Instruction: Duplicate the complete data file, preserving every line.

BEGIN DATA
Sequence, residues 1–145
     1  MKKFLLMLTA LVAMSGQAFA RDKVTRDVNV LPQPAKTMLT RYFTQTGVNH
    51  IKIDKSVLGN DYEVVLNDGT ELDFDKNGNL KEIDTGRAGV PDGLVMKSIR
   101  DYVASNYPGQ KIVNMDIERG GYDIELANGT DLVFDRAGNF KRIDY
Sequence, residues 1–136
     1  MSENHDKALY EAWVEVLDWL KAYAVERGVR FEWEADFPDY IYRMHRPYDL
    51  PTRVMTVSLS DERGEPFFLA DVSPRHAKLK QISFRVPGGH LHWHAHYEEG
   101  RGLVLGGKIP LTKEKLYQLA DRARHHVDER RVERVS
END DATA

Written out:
Sequence, residues 1–145
     1  MKKFLLMLTA LVAMSGQAFA RDKVTRDVNV LPQPAKTMLT RYFTQTGVNH
    51  IKIDKSVLGN DYEVVLNDGT ELDFDKNGNL KEIDTGRAGV PDGLVMKSIR
   101  DYVASNYPGQ KIVNMDIERG GYDIELANGT DLVFDRAGNF KRIDY
Sequence, residues 1–136
     1  MSENHDKALY EAWVEVLDWL KAYAVERGVR FEWEADFPDY IYRMHRPYDL
    51  PTRVMTVSLS DERGEPFFLA DVSPRHAKLK QISFRVPGGH LHWHAHYEEG
   101  RGLVLGGKIP LTKEKLYQLA DRARHHVDER RVERVS